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Disk backed object cache or heap with swap

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Joined: 2005-03-18

I have a Java application that maintains a cache of objects that are a little expensive to recreate. The numbers of objects needs to be increased. I was wondering if there is any benefit to using a disk backed cache, like ehcache, instead of just allowing the Java heap to begin to be swapped in and out of memory. Are there any pointers or information that can provide any insights before prototyping a solution and trying it?

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Joined: 2006-02-15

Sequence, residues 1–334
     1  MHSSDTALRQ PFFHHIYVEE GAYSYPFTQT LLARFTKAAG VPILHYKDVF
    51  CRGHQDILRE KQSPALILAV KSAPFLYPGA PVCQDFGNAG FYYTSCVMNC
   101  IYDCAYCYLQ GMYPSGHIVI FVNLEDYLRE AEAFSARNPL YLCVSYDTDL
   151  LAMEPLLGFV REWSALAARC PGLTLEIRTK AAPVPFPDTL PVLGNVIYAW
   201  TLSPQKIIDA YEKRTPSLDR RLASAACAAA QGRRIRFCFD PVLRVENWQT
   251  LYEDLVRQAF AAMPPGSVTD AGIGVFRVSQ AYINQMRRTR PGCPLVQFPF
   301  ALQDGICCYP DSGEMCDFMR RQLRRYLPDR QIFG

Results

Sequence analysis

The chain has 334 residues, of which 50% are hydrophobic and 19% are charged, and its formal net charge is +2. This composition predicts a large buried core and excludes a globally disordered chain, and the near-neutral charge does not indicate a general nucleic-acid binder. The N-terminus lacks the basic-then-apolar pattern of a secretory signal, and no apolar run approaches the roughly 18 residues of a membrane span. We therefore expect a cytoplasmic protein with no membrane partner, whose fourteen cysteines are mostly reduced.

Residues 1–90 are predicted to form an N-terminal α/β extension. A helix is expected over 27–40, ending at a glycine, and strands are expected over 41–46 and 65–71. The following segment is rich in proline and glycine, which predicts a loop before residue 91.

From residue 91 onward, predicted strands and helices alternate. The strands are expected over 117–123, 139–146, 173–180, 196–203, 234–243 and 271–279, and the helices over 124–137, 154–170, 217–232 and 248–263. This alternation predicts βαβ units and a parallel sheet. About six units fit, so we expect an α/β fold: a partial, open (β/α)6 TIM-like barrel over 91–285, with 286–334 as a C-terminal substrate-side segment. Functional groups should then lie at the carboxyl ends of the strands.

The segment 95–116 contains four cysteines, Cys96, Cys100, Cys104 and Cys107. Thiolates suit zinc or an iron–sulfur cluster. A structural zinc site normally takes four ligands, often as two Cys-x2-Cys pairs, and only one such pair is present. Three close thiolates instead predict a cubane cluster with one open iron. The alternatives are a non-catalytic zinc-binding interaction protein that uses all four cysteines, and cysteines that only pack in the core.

With swapping, you're not in control, and you are quite likely to end up with a working set larger than your available RAM so you'll start thrashing. In addition if you read/write your objects to disk yourself, your OS is highly likely to use memory that the JVM isn't using, to cache those files.

You might want to read up on how ehcache structures its cache and resolves cache requests... I might be recalling this inaccurately, but I think that it is a mapping from a key to an array of field values. Getting an object from the cache returns a newly created object with all the fields set to the values from the array.

If you chose to serialize objects to disk yourself, make sure you read the javadocs for (in addition to Serializable).

A LinkedHashMap can be very useful for an LRU cache.

Are you able to optimize the objects you're caching? you might be able to make them take up a lot less space, thereby increasing how many you can store in memory before needing to consider using a disk. Or you might be able to optimize them for fast serialization/deserialization.